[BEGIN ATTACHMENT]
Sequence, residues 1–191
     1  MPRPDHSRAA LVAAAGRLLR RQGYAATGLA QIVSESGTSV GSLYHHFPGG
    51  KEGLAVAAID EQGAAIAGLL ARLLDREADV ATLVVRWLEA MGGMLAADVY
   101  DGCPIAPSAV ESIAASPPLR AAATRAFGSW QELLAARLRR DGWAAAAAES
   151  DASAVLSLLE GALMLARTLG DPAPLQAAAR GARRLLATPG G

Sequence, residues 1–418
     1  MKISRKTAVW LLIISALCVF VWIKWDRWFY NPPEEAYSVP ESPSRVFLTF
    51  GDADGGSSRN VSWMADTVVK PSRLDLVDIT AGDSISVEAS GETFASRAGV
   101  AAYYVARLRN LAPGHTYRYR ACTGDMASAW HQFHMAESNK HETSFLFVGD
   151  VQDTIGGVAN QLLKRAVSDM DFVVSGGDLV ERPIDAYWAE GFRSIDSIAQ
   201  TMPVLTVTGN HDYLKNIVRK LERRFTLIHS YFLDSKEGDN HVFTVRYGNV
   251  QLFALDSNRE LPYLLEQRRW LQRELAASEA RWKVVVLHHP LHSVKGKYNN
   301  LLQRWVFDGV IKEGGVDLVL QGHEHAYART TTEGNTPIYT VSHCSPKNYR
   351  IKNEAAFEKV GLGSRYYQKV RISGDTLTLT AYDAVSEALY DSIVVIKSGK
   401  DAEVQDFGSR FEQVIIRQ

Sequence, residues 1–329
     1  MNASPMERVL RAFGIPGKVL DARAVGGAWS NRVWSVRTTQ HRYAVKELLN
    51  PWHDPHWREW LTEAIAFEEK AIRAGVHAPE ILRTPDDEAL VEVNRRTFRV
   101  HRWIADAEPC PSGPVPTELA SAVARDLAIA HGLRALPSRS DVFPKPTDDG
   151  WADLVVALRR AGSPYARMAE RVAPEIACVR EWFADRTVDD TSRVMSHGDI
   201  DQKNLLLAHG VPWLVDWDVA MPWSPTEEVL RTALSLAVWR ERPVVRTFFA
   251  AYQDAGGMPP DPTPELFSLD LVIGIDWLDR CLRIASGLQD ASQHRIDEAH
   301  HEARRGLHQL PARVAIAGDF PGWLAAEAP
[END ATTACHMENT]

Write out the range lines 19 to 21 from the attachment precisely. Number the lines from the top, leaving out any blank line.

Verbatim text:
   101  HRWIADAEPC PSGPVPTELA SAVARDLAIA HGLRALPSRS DVFPKPTDDG
   151  WADLVVALRR AGSPYARMAE RVAPEIACVR EWFADRTVDD TSRVMSHGDI
   201  DQKNLLLAHG VPWLVDWDVA MPWSPTEEVL RTALSLAVWR ERPVVRTFFA